In the Media: Undergraduate teaching lab investigates psychology behind gaslighting — Toronto Star

December 5, 2023 by Josslyn Johnstone - A&S News

Recent research out of Department of Psychology associate professor Suzanne Wood’s teaching lab is filling a gap in the peer-reviewed literature about gaslighting in romantic relationships, as highlighted in the Toronto Star.

Lead author Willis Klein, an undergraduate student of Wood’s at the time and now a PhD student at McGill University, became interested in the psychology behind gaslighting when he noticed the concept rising in popularity around the time of the 2016 Trump election. However: “Almost all of the psychology research that I could find was relatively old,” he told the Star. “There was a lot of public interest in this phenomenon but, at the time, there wasn’t even really a working definition when it came to psychology.”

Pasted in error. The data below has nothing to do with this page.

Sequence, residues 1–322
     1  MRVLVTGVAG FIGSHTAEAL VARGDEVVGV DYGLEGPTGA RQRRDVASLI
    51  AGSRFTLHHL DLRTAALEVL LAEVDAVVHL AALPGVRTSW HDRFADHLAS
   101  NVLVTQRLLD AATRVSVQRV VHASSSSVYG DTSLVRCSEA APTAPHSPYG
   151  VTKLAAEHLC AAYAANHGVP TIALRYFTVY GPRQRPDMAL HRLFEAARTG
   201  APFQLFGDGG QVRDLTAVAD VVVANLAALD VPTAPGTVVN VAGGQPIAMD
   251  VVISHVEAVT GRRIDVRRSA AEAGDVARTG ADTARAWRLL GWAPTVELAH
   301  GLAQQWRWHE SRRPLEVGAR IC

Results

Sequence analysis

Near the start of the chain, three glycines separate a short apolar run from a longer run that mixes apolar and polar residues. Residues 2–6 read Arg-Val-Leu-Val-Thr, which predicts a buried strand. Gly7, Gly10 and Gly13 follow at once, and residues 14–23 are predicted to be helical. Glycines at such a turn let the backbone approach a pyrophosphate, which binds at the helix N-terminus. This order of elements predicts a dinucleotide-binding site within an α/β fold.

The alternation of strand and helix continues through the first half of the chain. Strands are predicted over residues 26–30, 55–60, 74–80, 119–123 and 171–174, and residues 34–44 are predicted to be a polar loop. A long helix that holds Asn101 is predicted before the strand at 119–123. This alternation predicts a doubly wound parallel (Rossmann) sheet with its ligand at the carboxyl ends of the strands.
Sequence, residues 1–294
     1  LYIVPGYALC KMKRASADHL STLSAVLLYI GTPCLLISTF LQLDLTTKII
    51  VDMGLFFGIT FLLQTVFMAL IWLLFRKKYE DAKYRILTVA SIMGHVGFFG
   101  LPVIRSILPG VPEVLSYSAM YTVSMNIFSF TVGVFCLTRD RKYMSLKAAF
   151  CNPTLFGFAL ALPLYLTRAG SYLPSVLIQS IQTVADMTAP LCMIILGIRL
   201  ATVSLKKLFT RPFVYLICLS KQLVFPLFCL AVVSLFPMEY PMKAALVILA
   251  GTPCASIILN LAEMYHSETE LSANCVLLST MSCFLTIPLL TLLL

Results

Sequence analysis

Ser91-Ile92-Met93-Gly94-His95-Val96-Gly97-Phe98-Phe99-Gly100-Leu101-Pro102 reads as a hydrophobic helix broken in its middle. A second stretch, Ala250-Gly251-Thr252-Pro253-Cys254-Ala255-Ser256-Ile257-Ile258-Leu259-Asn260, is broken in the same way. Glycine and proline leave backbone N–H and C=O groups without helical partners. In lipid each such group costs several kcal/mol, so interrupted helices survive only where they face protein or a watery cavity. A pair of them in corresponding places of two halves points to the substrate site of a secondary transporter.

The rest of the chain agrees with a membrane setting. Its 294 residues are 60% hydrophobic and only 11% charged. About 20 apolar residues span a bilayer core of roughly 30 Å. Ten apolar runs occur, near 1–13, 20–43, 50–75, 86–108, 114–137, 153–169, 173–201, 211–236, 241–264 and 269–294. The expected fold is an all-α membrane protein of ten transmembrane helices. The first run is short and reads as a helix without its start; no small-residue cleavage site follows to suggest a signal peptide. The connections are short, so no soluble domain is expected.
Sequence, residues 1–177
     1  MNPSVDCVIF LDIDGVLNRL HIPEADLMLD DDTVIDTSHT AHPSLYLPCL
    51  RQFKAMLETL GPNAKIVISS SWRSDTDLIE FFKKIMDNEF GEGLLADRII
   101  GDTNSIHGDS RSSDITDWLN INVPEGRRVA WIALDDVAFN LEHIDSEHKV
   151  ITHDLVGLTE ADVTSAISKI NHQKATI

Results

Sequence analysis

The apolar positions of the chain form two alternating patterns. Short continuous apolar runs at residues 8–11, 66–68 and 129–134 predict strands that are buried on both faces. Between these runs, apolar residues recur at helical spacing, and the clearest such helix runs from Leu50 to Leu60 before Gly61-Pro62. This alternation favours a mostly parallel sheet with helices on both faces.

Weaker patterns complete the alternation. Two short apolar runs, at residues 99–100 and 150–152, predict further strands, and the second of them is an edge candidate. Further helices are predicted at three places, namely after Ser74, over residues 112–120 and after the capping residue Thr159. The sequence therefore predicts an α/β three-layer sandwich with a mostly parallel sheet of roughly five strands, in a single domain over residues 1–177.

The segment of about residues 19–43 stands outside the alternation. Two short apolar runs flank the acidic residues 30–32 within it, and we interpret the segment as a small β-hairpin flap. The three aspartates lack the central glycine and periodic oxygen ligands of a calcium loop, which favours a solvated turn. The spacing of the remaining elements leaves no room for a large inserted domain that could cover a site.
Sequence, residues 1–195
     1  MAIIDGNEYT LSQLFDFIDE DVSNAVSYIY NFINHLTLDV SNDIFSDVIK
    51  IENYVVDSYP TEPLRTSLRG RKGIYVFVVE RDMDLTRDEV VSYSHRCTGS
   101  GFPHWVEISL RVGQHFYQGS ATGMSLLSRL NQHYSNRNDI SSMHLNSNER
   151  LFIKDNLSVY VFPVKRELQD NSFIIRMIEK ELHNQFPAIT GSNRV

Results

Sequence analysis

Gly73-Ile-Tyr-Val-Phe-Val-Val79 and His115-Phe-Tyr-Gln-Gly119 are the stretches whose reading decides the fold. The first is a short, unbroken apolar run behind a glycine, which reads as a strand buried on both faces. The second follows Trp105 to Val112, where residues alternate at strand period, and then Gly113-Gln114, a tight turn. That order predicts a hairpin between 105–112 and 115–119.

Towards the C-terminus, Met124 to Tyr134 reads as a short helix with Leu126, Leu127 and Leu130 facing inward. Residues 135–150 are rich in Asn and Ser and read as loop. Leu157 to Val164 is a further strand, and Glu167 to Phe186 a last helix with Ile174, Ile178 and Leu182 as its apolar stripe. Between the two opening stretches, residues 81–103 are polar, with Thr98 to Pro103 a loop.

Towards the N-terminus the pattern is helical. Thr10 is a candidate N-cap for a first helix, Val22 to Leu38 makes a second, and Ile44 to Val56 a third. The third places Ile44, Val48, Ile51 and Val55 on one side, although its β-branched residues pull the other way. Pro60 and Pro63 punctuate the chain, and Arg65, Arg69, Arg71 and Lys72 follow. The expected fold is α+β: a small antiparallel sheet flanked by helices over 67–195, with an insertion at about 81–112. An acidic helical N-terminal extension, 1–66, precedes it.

For the paper, Klein and his colleagues investigated the effects and underlying motivations behind gaslighting, defined in the Star as “a form of abuse in a romantic relationship that sees the perpetrator intentionally attempt to convince a sane and rational partner that their grasp on reality isn’t firm in order to manipulate them”. The researchers identified specific traits and behaviors that gaslighters generally share and uncovered two primary motives for this abuse: avoiding accountability for bad behaviour, such as infidelity, and controlling the survivor’s behaviour.

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